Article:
South Dakota: Heifer development and fetal programming meetings Feb. 15-17 in Brookings, Fort Pierre and Rapid City
BROOKINGS, SD – The South Dakota Cooperative Extension Service will host three meetings on heifer development and fetal programming in February.
The first meeting is scheduled for Feb. 15 at the Brookings County Extension Resource Center located at the Swiftel Center. Activities begin with a noon lunch followed by the 1-5 p.m. meeting.
The second meeting is set for Feb. 16 at the Fort Pierre Livestock Auction Market, Fort Pierre, and it takes place from 1-5 p.m. with an evening meal to follow. The final meeting is Feb. 17 at the West River Ag Center in Rapid City. A noon lunch is provided followed by the 1-5 p.m. program.
Registration costs $25 for those who sign up on or before Feb. 7. Late or on-site registration costs $30. Fees cover the cost of meals, proceedings and facilities. To register, send payment and contact information to Heather Larson, Jerauld County Extension Livestock Educator, P.O. Box 366, Wessington Springs, SD 57382.
Online information about the meetings, including a registration form, is available at: http://www.sdstate.edu/sdces/resources/animals/beef/heiferdevelopmentprogram/.
For more information, call Larson at 605-539-9471 or e-mail her at this address: Heather.Larson@sdstate.edu.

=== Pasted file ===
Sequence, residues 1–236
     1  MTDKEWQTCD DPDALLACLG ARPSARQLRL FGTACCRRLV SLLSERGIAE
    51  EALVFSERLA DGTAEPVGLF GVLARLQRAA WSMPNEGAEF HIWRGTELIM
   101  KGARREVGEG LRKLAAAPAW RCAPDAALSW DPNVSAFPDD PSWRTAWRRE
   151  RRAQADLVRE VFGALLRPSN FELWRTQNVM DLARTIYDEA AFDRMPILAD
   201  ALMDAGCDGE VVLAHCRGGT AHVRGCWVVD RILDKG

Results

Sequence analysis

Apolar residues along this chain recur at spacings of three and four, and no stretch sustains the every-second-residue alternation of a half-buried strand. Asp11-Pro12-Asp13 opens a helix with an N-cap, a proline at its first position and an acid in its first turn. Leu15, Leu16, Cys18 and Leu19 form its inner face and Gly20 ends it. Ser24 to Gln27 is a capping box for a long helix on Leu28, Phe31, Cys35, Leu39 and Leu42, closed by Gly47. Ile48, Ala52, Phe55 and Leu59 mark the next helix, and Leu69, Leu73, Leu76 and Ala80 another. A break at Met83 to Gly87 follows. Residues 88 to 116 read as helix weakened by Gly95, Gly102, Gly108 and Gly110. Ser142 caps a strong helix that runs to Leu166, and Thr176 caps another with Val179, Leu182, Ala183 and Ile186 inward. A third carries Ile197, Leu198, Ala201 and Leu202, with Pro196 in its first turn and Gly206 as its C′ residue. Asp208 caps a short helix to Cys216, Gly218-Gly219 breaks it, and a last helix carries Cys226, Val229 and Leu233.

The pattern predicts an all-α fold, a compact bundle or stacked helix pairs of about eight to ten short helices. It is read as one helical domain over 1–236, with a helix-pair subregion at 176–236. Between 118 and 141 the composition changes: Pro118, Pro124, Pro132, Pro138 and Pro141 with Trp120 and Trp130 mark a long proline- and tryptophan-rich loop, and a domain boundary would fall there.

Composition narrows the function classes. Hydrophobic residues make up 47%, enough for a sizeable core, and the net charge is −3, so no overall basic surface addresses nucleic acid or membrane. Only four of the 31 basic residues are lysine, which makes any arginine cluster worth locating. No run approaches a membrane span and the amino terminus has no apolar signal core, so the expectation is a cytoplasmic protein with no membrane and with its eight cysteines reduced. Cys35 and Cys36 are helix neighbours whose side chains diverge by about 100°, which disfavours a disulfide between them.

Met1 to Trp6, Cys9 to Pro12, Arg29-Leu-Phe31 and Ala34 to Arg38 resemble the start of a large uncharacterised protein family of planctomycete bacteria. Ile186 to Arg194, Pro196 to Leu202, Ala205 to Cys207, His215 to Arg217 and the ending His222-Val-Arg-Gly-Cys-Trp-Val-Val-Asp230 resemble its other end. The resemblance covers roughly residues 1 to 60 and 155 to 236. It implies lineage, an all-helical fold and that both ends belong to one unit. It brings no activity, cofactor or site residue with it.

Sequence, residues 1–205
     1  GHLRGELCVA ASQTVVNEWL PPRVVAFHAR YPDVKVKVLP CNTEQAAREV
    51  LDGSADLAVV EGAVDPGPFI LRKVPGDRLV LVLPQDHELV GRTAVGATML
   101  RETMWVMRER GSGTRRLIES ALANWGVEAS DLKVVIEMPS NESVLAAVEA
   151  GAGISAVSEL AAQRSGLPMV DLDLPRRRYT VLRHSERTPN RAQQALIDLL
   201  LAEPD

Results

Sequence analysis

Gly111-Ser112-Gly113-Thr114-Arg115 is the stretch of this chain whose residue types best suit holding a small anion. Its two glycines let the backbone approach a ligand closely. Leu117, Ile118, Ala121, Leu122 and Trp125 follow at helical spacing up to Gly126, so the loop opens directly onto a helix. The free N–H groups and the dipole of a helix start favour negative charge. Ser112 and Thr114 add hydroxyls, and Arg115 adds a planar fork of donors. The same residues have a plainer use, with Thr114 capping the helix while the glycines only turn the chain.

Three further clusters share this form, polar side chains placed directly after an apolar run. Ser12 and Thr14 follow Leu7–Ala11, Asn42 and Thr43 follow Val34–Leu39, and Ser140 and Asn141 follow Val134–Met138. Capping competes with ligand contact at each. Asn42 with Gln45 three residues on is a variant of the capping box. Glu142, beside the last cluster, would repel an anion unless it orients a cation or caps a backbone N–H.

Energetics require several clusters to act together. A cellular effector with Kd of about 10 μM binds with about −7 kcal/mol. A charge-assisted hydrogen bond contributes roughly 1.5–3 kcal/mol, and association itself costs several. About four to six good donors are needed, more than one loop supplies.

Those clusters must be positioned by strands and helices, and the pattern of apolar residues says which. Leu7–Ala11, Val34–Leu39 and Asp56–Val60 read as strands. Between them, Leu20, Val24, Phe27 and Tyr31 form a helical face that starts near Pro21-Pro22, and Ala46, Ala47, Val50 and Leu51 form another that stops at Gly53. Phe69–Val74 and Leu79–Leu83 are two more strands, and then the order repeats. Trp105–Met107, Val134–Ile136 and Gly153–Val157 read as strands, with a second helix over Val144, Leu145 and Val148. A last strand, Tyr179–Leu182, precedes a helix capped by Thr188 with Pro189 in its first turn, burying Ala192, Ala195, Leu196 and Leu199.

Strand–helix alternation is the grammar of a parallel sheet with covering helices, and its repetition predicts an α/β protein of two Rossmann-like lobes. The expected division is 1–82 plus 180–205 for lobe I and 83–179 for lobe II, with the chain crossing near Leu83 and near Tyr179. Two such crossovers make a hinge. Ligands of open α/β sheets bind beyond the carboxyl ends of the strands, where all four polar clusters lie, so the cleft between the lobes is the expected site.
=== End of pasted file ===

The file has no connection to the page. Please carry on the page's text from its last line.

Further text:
Extension staff will broadcast the Brookings program live on Feb. 15 for participants who cannot attend the event. For more information concerning this broadcast, call your county Extension office.
Cattlemen in South Dakota, North Dakota, Minnesota, Iowa, Nebraska and Wyoming are encouraged to attend this training so they may access up-to-date research regarding heifer development and fetal programming. The program includes Rick Funston of the University of Nebraska-Lincoln, South Dakota Cooperative Extension Beef Reproduction Management Specialist George Perry and Extension Veterinarian Russ Daly. Each will speak at the three events.
Funston is widely recognized for his research in fetal programming. He relates medical findings from human prenatal health care and nutrition programs and the impact of these programs on the future health status of youth. Funston then compares these findings with cow nutrition and health protocols and how these factors can influence the productive life of calves.
Perry’s expertise in beef reproductive focuses on management factors that impact fertility, including how methods of heifer development can impact reproductive efficiency and factors that cause variations in pregnancy success.
Daly combines his veterinary experience and work at the South Dakota State University Department of Veterinary and Biomedical Science, discussing heifer vaccination programs and how timing and management can make important differences in herd health and reproductive planning.
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